Background: Only a few studies have investigated the link between human resources for health and health outcomes, and they arrive at different conclusions. We tested the strength and significance of density of human resources for health with improved methods and a new WHO dataset.
Methods: We did cross-country multiple regression analyses with maternal mortality rate, infant mortality rate, and under-five mortality rate as dependent variables. Aggregate density of human resources for health was an independent variable in one set of regressions; doctor and nurse densities separately were used in another set. We controlled for the effects of income, female adult literacy, and absolute income poverty.
Findings: Density of human resources for health is significant in accounting for maternal mortality rate, infant mortality rate, and under-five mortality rate (with elasticities ranging from -0.474 to -0.212, all p values < or = 0.0036). The elasticities of the three mortality rates with respect to doctor density ranged from -0.386 to -0.174 (all p values < or = 0.0029). Nurse density was not associated except in the maternal mortality rate regression without income poverty (p=0.0443).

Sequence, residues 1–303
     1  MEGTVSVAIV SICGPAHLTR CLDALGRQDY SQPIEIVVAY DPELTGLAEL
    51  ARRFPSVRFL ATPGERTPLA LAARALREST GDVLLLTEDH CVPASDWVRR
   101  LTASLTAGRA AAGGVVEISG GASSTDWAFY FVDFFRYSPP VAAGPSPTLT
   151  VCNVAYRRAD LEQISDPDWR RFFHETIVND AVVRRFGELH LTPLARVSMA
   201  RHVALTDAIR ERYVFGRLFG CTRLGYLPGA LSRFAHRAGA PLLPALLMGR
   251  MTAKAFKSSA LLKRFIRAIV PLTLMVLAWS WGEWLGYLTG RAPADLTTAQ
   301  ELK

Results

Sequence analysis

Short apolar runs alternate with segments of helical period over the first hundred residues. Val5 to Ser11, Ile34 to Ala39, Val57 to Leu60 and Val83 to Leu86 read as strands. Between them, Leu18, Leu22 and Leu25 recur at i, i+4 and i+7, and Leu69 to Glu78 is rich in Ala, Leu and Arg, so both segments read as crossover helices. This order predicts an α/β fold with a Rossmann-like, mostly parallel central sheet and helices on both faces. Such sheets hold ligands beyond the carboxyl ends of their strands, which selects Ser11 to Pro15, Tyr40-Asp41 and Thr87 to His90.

Interpretation: In addition to other determinants, the density of human resources for health is important in accounting for the variation in rates of maternal mortality, infant mortality, and under-five mortality across countries. The effect of this density in reducing maternal mortality is greater than in reducing child mortality, possibly because qualified medical personnel can better address the illnesses that put mothers at risk. Investment in human resources for health must be considered as part of a strategy to achieve the Millennium Development Goals of improving maternal health and reducing child mortality.